Of all the great noise / noise-influenced groups to come out of the early ’00s, how many
are not only still kicking, but still getting better? The best (and probably only) group
to fit that bill is Sightings, a gifted guitar/bass/drums trio that has dismantled the
connotations of rock music and re-purposed its pieces into something else entirely. The
only thing that appears to be off-limits in Sightings’ world is predictability – starting
off with garage-crusted Harry Pussy-style rock assaults, Sightings have proven to be masters
of eerie tension, ambient soundscapes, proto-techno repetition and neo-industrial clank,
through the course of nine albums and a handful of singles. Their tenth, Terribly Well, is slated
for release on Dais Records next month, and if you’re not getting excited about it, go buy
some Green Day opera tickets or something. Sightings is what it’s all about.
Sightings have been a group for over a decade now. What has kept you from breaking up?
Jon (drums): I think there’s been a sort of mission to the group and a lot of common interests
musically, and then I think we’ve all been pretty happy with the music we make, so the
musical element probably drives the desire to keep playing together.
Mark (guitar, vocals): Yeah, we still like the music, so I guess that sort of helps with the
longevity. And while on occasion we might get on each other’s nerves like any other band
(or family), we generally still get along well after slogging it out in the rock wars for all this time.
Richard (bass): Short answer, beer. Longer answer is I think some of the music we have put together
in the last couple years is among our best. If we were doing mediocre shit we’d definitely stop.
What would you say the group’s “mission” is, that Jon references?
Richard: Beer. More serious, we all hated post-rock and emo. Really serious… from the start, I
wanted to have a ‘heavy’ band that wasn’t just rehashing hardcore and metal. Early
industrial was in the mix. But we definitely wanted to play instruments and not just
tweak knobs. I think the defining thing at a certain point was we were all interested
in exploring our instruments and really making them our own. Being players, while kicking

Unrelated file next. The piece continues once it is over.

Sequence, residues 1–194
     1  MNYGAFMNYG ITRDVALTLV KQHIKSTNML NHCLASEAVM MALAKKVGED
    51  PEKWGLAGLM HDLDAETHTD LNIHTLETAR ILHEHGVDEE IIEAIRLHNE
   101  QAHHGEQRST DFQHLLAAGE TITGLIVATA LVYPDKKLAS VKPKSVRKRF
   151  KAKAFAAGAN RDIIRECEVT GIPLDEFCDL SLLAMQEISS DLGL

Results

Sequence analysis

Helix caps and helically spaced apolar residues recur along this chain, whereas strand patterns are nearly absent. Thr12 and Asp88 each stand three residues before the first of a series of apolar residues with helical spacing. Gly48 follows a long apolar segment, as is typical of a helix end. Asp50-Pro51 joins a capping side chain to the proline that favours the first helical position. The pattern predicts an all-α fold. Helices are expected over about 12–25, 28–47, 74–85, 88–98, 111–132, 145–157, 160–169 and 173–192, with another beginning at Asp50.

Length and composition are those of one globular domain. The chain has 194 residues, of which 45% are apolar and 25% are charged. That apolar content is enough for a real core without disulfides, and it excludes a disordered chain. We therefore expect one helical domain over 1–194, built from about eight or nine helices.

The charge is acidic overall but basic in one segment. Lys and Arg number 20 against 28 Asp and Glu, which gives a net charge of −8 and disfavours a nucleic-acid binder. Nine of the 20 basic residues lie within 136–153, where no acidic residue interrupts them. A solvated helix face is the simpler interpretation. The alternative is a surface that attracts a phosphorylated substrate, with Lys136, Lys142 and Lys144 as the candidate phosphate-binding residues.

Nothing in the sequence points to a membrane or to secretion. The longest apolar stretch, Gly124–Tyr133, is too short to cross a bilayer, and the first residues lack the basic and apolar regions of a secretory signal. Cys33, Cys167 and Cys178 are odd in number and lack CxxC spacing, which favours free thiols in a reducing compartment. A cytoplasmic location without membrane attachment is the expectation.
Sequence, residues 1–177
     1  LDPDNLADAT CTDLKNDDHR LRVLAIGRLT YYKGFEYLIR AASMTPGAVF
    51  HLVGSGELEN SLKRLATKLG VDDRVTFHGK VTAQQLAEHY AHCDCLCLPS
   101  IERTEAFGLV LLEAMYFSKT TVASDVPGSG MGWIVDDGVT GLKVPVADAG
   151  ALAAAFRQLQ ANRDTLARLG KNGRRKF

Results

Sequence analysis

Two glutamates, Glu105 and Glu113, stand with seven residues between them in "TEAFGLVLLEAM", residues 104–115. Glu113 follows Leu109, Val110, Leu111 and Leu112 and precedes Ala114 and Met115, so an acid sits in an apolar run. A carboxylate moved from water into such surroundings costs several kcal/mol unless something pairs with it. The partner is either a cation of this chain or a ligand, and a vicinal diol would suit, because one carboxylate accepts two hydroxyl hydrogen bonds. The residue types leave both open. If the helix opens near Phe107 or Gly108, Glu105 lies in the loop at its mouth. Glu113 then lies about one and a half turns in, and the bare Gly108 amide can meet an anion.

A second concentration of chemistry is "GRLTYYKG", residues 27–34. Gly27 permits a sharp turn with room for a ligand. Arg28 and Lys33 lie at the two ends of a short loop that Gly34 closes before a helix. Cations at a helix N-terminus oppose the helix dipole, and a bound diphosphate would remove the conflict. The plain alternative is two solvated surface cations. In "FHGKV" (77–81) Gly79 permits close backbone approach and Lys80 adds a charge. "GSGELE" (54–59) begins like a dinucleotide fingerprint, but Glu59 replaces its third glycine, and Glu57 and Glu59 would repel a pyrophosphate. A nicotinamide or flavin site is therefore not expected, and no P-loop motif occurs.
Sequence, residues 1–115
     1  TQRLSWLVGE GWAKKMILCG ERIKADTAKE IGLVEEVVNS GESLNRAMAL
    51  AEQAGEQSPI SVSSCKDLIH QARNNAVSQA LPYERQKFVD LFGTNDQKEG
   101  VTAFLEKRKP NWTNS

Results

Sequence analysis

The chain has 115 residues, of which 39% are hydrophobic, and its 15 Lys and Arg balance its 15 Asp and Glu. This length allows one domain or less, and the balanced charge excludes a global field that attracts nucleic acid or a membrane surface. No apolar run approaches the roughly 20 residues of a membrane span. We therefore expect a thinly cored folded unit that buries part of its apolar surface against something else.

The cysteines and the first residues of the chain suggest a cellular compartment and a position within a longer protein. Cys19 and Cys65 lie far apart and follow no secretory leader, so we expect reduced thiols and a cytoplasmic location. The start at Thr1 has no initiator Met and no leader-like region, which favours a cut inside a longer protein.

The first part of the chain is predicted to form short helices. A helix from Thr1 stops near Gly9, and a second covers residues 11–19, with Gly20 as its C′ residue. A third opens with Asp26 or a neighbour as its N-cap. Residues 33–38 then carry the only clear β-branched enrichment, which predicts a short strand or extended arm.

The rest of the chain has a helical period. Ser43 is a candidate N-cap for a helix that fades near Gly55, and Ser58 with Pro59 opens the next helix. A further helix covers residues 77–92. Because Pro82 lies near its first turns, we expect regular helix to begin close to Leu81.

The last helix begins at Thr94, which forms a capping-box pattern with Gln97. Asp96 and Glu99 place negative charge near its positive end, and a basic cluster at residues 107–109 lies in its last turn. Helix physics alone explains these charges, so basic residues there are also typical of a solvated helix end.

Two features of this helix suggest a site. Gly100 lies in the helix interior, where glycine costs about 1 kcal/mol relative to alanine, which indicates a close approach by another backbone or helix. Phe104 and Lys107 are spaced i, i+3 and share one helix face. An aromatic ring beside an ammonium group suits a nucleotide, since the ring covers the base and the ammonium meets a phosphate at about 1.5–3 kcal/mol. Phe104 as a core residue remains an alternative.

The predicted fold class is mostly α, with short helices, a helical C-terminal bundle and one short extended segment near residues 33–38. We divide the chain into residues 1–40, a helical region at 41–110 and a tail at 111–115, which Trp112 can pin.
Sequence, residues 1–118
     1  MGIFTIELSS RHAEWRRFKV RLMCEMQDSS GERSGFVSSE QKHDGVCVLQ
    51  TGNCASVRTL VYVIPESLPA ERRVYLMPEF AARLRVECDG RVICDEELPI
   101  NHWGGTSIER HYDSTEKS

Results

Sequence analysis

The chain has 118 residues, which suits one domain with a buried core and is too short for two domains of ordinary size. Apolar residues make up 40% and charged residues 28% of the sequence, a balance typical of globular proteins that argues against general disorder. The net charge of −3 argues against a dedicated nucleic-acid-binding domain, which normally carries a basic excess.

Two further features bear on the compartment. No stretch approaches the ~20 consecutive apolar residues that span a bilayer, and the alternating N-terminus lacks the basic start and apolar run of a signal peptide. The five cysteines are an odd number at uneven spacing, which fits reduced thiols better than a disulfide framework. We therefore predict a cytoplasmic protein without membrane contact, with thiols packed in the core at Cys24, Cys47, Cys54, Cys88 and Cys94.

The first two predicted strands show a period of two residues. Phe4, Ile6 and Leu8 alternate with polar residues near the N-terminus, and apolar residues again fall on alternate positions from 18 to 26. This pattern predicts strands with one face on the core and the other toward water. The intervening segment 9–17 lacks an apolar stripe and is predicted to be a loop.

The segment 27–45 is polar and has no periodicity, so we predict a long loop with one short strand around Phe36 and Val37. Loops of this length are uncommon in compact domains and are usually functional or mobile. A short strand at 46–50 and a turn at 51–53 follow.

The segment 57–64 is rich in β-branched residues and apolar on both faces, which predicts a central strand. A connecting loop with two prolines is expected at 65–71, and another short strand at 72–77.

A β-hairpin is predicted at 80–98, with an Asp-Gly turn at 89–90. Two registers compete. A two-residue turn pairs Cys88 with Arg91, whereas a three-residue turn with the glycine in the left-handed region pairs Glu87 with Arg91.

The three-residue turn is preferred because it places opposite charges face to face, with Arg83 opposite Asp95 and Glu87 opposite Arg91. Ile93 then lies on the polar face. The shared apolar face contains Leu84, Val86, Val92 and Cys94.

ass. Maybe Jon had another mission in mind?
Jon: When I mentioned some mission, it wasn’t all that specific, but I was thinking of when we
started out and we’d be listening to records and wanting to capture maybe a feeling of
tension or some musical idea and play it as a band with the instruments (and playing
ability) we had, and over time we developed our own vocabulary. And we could write songs.
And like Richard mentioned, we can still put together some good tunes, so we keep doing it.
You often get tagged as “experimental”… do you see Sightings that way? Do you feel any pressure
to keep pushing forward, to never do the same record twice?
Jon: In the sense that the conventional approach to guitar, bass and drums is replaced with
a more open architecture in the way we play songs and the sounds we use, it could be
called “experimental”. But it’s rock music in the end.
Mark: It’s a fairly loaded term, and I tend to avoid using it unless the subject of the band
comes up at a family Thanksgiving dinner or a job meeting. I definitely put pressure
on myself to keep on changing and developing my playing and don’t want to feel like
I’m repeating myself. That being said, it’s often a counterproductive mindset, and
sometimes the best shit just comes out of relaxed “let’s see what the hell happens”
situations in practice.
Richard: I think very little music counts as experimental these days. Within Sightings, we all
have pretty pronounced playing styles, so there’s only so far from a certain core
sound we are going to get. I don’t think our latest record – and there’s a second
record we recorded at the same time – is really Earth-shatteringly different from
the last couple records, but it might be an improvement in overall quality, and
definitely closer to the sound we want from a record right now.
Are there any records or tracks in particular for older records where you can listen
back to it now and be like “we absolutely nailed that”? For me, one of my personal favorite
Sightings memories is the first time I heard your debut LP. The opening track “Two
Thoughts” just kinda shocked me, that a band could allow such a song to happen after
such a casual “one two three four”. It felt really triumphant.
Richard: The song “Michigan Haters” was a one-off jam that sounded like perfect music to me.
That was the moment I knew we were really hitting it. “Guilty Of Wrecking” is off the
chain. “Anna May Wong” (that’s how it should have been spelled) on Absolutes fulfilled some
other higher order, we’re-not-stuck-playing-rock-music desire. Those were all recorded
in the same late summer/early fall, 2001. As far as the first album goes, still love
“Cuckoo”, but Mark hates it!
Jon: Every record has a few songs that I think are pretty amazing – good songs, well played, well
recorded and mixed. “Two Thoughts” would be one of my picks from that first record. Michigan Haters
and Absolutes are pretty solid all the way through. “Carry On” from End Times and “The Knotted House”
from Future Accidents are favorites.
How do you know when an album is “done”? Do you have a specific set of songs you go into
the studio to record usually, or is there a lot of improvising/jamming?
Richard: We love improvising in the studio and now seems like a good time to shill for Mr. Pat
Murano (ex?-No Neck, current Decimus) who has jammed with us on the last two studio